Gaza war: a ceasefire depends on a leap of faith from both sides – Northern Ireland showed us how

This article written Colin Irwin, Department of Politics, was originally published in The Conversation. 

The talks aimed at ending the violence in Gaza are failing because there is no guarantee any ceasefire negotiated at present will last. Hamas wants a permanent ceasefire leading to the establishment of a “fully sovereign” Palestinian state. The Israeli government – particularly the more rightwing nationalistic elements – wants Hamas destroyed completely. It’s not clear these conflicting positions can be reconciled.

Insurgencies can be defeated by eliminating the insurgent militarily, or by effectively addressing the grievances that prompted them to take up arms – or a combination of both. This means continuing conflict while negotiating a peace deal in good faith.

In Northern Ireland, the British were persuaded to do both and it worked. In Palestine, Israel uses force with considerable effect – but in the absence of peacemaking, this force is counterproductive. The grievance remains unaddressed and the insurgency grows.

In his 2023 address marking the 25th anniversary of the Good Friday Agreement, US senator George Mitchell rightly pointed out that without John Hume, there would have been no peace process, and without David Trimble, there would have been no peace agreement. Both received the Nobel Peace Prize in 1998: Hume for persuading Sinn Fein and its military wing, the Provisional IRA, to pursue a constitutional path to peace, and for bringing in the US as peace brokers.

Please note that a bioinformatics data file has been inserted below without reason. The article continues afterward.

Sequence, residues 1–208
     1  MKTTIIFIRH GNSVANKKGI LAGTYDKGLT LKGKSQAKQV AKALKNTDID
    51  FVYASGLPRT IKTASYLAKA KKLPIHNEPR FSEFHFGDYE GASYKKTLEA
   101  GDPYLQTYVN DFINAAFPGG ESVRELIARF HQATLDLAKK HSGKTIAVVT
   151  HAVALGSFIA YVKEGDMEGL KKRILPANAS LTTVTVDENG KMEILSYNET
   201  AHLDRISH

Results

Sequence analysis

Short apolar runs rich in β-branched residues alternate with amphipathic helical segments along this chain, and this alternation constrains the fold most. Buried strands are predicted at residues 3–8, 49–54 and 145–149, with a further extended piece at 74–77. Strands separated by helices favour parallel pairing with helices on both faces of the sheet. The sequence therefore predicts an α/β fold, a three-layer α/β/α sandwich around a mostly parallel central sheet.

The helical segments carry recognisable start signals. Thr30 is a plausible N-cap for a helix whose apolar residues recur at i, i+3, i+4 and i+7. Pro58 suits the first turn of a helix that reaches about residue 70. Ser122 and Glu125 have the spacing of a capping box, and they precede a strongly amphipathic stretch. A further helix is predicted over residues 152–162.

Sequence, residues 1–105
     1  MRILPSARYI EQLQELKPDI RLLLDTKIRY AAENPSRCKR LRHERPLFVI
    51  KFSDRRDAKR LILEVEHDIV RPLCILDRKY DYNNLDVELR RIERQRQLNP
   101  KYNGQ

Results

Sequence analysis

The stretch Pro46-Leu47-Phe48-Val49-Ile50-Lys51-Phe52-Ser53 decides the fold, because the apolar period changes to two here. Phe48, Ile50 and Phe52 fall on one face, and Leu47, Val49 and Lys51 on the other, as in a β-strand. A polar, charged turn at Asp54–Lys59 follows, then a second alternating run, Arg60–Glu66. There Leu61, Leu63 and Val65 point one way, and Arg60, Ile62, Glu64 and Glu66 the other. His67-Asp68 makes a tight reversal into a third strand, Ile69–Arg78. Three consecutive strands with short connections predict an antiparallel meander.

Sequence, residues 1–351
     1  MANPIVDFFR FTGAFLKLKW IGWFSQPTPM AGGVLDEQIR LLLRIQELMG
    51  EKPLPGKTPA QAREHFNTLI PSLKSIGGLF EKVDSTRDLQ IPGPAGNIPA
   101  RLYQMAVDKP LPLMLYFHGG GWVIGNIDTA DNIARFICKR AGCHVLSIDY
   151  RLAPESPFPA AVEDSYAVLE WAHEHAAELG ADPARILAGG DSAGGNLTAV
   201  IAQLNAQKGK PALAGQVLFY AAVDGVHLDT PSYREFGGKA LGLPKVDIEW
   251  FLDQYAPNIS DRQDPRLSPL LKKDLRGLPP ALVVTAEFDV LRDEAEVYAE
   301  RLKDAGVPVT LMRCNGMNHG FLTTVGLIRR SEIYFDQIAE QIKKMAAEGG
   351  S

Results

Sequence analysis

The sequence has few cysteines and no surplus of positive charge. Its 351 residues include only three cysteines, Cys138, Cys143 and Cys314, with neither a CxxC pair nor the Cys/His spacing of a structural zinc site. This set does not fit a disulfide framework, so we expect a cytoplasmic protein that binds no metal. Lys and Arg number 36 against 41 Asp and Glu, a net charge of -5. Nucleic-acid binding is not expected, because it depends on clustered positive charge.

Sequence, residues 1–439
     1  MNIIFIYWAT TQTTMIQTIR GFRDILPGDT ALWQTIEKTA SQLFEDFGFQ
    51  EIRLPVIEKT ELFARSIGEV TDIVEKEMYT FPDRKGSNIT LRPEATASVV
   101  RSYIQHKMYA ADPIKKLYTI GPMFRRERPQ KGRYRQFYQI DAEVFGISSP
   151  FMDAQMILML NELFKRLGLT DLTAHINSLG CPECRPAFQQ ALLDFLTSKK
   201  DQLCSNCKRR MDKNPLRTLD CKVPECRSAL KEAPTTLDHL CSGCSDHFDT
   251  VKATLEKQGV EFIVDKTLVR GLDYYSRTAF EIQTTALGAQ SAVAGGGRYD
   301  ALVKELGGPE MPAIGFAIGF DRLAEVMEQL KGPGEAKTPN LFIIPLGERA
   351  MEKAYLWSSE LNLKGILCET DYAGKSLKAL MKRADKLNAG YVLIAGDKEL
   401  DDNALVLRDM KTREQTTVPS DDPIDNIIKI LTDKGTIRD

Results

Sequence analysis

As a result, the then-US president, Bill Clinton, took up this initiative and persuaded the British to do likewise. The Northern Ireland secretary, Peter Brooke, declared that the British had no selfish or strategic interests in Northern Ireland, ceasefires were agreed, and an effective, inclusive peace process was implemented.

That peace process was not easy. It took the combined political effort of the Irish and British governments, the US presidency and the EU to get there. But peace was achieved, and with Sinn Fein now sharing power with the other constitutional parties in Northern Ireland, the insurgency no longer has such a grievance. It seems unlikely that Northern Ireland will go back to war.

Can Israel do the same? I believe so. I came to this conclusion when I met with Hamas on December 3 2008, while making preparations for Mitchell to start work as newly elected US president Barack Obama’s special envoy for Middle East peace.

In the image below are the notes I took during that meeting in Ramallah – a series of bullet points summarising the Hamas negotiating position.

A list of bullet points with notes on a meeting made on lined notepaper.
The author’s notes from his meeting with representatives of Hamas in Ramallah, December 3 2008.
Colin Irwin, CC BY-SA

They show that Hamas was serious about a peace process. It was prepared to guarantee the security of Israel, and accept a Palestinian state within the internationally recognised borders following the war of 1967.